The project continues!
March, 1998: I have received many E-mails wondering about my conversion project, most asking how the van drives, etc. Others have badgered me for not updating the web pages. Mea culpa! The truth is, I haven't worked on the Vanagon more than 30 hours or so since November of 1996 due to demands at work. I will be working less hours this spring, so progress on the conversion will commence once again! Let's start by looking at what has been accomplished during the past 16 months or so...
An issue with the engine conversion is the low gearing of the diesel transmission. The stock diesel engine output is 48 HP versus the 67 HP of the air-cooled gas engine offered the same year. To compensate, the diesel transmission has lower gear ratios than the gasoline transmission. At highway speeds with the diesel transmission, the engine rpm is quite high. To allow the engine to turn a little slower, I modified the gas-powered Vanagon transmission by installing the bell housing and input shaft from the diesel trans. The process is not too difficult, with only a few special tools needed. I tackled this part of the job during the Memorial Day weekend in 1997.
Start by draining the transmission. With the transmission on a workbench, simply unbolt the bellhousing from the transmission. The bellhousing will now slide off the transmission. The input shaft is secured with a small circlip retaining ring. Remove the ring, slide the splined collar/coupling out an inch or so, and unscrew the input shaft. After removal of the input shaft, the tranny will look something like what you see on the left.
These next 2 photos show the difference between the diesel and the gasoline transmission input shafts. The real difference is that the gasoline shaft is a little longer than the diesel shaft. They are both the same diameter on the end, so it would stand to eason that if you could not find a diesel shaft, the gasoline version could be shortened by a competent machinist. The picture on the right shows the shafts with their collars/coupling. The picture on the left is a close-up of the end of the shaft that will ride in the engine's pilot bearing.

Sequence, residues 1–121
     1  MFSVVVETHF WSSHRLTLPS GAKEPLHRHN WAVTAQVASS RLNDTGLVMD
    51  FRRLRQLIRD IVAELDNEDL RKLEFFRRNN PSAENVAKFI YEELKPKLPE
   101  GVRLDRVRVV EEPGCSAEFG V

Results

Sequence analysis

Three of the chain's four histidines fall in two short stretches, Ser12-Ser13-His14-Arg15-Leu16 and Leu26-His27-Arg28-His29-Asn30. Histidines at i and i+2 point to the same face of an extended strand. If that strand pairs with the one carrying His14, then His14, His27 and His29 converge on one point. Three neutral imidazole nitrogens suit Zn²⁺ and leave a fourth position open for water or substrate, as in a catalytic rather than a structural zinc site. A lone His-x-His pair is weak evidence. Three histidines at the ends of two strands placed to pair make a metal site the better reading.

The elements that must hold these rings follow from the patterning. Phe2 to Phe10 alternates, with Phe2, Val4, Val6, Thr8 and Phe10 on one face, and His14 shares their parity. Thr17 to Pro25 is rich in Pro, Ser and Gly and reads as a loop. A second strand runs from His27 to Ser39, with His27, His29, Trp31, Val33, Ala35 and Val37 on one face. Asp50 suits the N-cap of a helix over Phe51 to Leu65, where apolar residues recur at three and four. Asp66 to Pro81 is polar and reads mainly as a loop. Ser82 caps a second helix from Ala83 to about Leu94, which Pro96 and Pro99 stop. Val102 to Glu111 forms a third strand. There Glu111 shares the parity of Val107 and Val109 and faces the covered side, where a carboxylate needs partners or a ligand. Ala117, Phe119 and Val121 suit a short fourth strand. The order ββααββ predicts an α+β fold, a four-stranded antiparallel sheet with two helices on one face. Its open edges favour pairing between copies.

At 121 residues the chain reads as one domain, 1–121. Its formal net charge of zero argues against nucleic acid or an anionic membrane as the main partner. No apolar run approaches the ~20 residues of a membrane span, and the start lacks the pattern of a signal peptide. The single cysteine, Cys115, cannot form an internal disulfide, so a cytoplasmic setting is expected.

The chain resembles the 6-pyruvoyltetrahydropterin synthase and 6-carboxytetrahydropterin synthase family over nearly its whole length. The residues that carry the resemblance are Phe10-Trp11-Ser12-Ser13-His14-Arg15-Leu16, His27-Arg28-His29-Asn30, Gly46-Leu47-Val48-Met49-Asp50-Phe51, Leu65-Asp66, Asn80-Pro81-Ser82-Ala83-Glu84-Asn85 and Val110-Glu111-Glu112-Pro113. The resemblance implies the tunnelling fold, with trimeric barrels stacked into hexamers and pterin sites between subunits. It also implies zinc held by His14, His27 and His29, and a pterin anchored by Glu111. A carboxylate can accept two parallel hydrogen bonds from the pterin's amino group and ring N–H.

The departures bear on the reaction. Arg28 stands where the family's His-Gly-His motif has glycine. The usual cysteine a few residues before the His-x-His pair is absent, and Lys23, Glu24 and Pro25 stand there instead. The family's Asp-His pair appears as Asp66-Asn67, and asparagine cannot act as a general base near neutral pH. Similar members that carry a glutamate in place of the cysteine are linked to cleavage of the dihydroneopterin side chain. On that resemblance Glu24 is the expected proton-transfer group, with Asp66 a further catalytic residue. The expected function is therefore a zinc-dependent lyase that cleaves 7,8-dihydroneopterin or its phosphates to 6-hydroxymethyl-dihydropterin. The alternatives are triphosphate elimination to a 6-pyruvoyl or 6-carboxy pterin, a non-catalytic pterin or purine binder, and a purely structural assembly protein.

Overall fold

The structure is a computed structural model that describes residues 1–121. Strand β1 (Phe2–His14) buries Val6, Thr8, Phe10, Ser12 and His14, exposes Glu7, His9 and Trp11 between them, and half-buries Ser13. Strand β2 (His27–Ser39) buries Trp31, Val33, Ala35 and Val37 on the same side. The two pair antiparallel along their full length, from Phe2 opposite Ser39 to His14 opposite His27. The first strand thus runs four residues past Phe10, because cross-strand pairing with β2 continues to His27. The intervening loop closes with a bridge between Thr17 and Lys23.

After swapping the input shafts, I installed a new seal for the input shaft in the diesel bellhousing, and installed it on the gas transmission with a new gasket. After refilling the transmission with oil, I went ahead and re-installed it in the Vanagon. I had removed the engine and transmission as a single unit, but I decided to install them separately. The idea was that I would be able to move the engine around easier while installing without the extra bulk of the tranny. With the engine out of the van, it was an easy job to get my freshly repacked CV joints and axles installed as well.
I also did some work on the engine during the Memorial Day weekend. The stock fuel injection from the Golf uses an oxygen sensor to control the fuel mixture. Since there was no fitting on the diesel exhaust, I modified it to accept a sensor. I went to the local Pep-Boys store, and purchased an universal oxygen sensor. The threads were the same as a spark plug (18mm), so I trimmed one of those spark plug "no-foul" adapter sleeves down to a threaded flange. I then drilled a hole in the exhaust pipe in a location that would be easy to access from under the van. I used brass to braze the fitting to the exhaust pipe. I tried welding it first, but the heat from the torch kept ruining the threads of the fitting.